The Hong Kong government ousted four opposition lawmakers, leading to the resignation of most supporters of the pro-democracy camp from the territory’s de facto parliament, which critics say is part of an attack growing against its autonomy.
The government made the decision using new powers granted by Beijing on Wednesday that allow lawmakers to be removed for national security reasons. This includes supporting Hong Kong’s independence or inviting foreign interference in the city’s affairs.
“I urge Hong Kong people not to give up. We cannot give up, ”said Kwok Ka-ki, one of the four ousted lawmakers, who described the disqualifications as“ Hong Kong’s saddest day ”.
Carrie Lam, chief executive of Hong Kong, defended the decision, saying it was “constitutional, legal, reasonable and necessary.”
In Washington, the White House criticized the move. Robert O’Brien, the US national security adviser, said it was more proof that the ‘one country, two systems’ model was a’ fig leaf covering the Chinese Communist Party’s one-party dictatorship in Hong Kong ”.
The development has also sparked a bipartisan condemnation from Capitol Hill where Democrats and Republicans have become increasingly critical of China, particularly over its pro-democracy crackdown in Hong Kong.
“Democracy in Hong Kong is running out of steam. This morning, the unelected and unaccountable standing committee of the National People’s Congress of China took another important step towards stripping the people of Hong Kong of their sacred rights and freedoms, ”said Marco Rubio, a Republican senator from Florida, and Jeff Markey, a Democratic senator from Oregon.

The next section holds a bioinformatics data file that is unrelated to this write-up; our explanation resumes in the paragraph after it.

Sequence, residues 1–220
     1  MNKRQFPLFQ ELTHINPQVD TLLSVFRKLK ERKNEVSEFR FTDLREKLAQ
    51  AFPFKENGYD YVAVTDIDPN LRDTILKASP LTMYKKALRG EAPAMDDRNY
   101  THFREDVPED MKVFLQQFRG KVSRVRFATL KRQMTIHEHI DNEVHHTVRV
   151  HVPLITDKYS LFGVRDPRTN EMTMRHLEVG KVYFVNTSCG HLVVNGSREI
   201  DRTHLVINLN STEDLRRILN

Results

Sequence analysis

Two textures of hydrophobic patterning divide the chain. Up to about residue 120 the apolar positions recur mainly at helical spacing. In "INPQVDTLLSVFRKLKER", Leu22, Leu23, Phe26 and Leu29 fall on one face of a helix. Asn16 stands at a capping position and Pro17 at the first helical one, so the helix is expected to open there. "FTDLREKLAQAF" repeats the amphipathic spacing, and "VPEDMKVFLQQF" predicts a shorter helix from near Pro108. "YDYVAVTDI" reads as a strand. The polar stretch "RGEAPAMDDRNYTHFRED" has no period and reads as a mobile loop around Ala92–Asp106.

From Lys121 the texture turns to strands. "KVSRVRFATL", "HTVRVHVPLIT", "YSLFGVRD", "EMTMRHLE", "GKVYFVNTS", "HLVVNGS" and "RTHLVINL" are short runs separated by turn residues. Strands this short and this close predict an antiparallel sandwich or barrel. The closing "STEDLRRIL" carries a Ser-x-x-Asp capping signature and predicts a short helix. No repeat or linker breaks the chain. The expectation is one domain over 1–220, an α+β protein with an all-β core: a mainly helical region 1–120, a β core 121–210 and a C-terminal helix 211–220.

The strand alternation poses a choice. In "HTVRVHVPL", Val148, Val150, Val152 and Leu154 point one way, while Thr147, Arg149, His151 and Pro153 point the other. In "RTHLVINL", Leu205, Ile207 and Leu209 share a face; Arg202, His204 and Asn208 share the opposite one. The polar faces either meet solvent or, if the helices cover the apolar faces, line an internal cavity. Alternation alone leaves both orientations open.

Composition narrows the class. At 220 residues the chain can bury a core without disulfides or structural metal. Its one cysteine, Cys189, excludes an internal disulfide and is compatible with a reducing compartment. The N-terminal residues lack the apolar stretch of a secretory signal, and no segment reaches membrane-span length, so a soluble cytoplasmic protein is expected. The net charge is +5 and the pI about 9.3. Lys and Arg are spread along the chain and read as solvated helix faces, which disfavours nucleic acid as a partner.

The move comes as opposition politicians, independent journalists, educators and judges in Hong Kong face increasing pressure after Beijing imposed a tough national security law on the territory in June.
Outspoken academics have been forced to resign and a veteran journalist from RTHK, the public broadcaster, was recently arrested after producing a report criticizing the conduct of police during anti-government protests last year.
Critics say the security law threatens the civil and political freedoms granted to the territory when it was handed over by the UK to China in 1997. Beijing supporters argue that it was necessary to restore order to the land. city.
Pro-democracy lawmakers in the Legislative Council have come under particular pressure, with the city postponing assembly elections until next year, citing the coronavirus pandemic.
The Standing Committee of the National People’s Congress, Beijing’s highest legislative body, on Wednesday granted the Hong Kong government the power to disqualify lawmakers who have promoted or supported independence or refused to recognize China’s sovereignty over the territory.
Those who sought foreign interference in Hong Kong affairs or engaged in other acts endangering national security could also be disqualified, the NPCSC said, without giving further details.
Critics have called these measures a “patriotic test.” “The central government’s decision showed that they have completely abandoned one country, two systems,” said Wu Chi-wai, chairman of the Democratic Party, referring to the model that Hong Kong was allowed a high degree of autonomy. for 50 years after the 1997 transition from British rule to Chinese rule.